Continuous Quality Improvement (CQI)

Does Continuous Quality Improvement (CQI) improve the quality of health care? Developing a framework to improve our ability to understand and measure the effect of CQI.

Continuous Quality Improvement (CQI) has been widely adopted in health care with the promise of bringing about substantial and sustained improvement in the quality of care. However, this investment has been made in the absence of convincing evidence from existing research on whether CQI is effective or the factors that might influence its effect. The uptake of CQI in the absence of evidence reflects both the complexity of undertaking rigorous research on quality improvement interventions and the compelling case that has been made for using CQI based on theory and practical experience.

The overall aim of this project is to develop a research framework that will improve our ability to understand and measure the effect of CQI on health care delivery and patient outcomes. It is hoped that this framework will contribute to the conduct of rigorous research that will help inform decisions about whether ongoing investment in CQI is justified.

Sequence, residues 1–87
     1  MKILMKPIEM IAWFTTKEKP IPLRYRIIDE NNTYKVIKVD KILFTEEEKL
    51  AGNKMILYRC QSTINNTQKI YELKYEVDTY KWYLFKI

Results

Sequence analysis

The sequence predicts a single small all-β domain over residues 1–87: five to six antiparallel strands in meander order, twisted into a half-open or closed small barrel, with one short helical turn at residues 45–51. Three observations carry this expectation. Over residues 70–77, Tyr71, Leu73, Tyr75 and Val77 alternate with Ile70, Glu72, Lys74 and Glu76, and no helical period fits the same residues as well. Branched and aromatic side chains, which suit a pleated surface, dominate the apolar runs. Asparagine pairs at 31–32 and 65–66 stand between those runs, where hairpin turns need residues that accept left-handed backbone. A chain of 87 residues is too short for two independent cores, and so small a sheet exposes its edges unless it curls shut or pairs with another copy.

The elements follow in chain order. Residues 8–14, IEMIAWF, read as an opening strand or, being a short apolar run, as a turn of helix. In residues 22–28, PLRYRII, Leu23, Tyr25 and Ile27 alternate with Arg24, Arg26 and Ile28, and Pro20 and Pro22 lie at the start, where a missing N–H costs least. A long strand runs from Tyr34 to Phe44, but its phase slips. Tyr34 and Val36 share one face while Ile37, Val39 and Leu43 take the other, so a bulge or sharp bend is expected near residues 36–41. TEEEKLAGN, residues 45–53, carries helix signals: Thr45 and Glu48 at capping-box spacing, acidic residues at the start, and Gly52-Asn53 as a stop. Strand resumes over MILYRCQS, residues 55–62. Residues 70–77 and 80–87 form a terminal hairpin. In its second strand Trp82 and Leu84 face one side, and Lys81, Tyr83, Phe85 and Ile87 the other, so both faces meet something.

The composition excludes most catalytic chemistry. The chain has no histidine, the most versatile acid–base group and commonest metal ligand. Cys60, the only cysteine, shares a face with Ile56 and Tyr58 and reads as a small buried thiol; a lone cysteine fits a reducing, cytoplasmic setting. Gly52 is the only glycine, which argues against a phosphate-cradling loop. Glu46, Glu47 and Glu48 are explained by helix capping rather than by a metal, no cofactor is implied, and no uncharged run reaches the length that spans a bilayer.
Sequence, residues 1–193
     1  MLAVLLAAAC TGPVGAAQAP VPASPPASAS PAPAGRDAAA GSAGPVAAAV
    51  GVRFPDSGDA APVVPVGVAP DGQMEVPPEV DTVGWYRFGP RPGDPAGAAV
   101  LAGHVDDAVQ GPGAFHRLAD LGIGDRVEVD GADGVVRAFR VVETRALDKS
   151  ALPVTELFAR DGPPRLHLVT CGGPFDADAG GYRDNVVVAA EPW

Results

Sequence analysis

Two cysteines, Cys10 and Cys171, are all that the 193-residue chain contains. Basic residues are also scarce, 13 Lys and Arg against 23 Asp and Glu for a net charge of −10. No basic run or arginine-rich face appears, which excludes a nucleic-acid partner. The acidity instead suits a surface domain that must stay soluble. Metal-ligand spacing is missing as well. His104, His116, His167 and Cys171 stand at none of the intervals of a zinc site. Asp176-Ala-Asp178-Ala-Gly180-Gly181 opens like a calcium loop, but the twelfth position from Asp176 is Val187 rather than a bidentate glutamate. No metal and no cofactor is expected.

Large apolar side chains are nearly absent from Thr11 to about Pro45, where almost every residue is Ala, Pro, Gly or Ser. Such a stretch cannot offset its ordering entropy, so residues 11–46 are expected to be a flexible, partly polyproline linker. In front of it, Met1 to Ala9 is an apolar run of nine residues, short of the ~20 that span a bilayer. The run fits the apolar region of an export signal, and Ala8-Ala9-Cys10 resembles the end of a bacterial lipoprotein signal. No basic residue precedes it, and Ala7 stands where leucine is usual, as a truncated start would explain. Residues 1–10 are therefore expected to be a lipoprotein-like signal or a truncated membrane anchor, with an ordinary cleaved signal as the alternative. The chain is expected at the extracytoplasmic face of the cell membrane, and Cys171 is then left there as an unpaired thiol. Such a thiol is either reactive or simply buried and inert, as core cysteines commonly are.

This project is partially funded by a Monash University Strategic Grant awarded by Faculty of Medicine, Nursing and Health Sciences (Jan-Dec 2006).

Centre staff involved in the project:
Associate Professor Sally Green
Sue Brennan – Doctoral Candidate

Professor Just Stoelwinder, Department of Epidemiology and Preventive Medicine
Professor Leon Piterman, School of Primary Health Care
Dr Heather Buchan, CEO National Institute of Clinical Studies


sue.brennan@monash.edu; phone 03 9903 0366.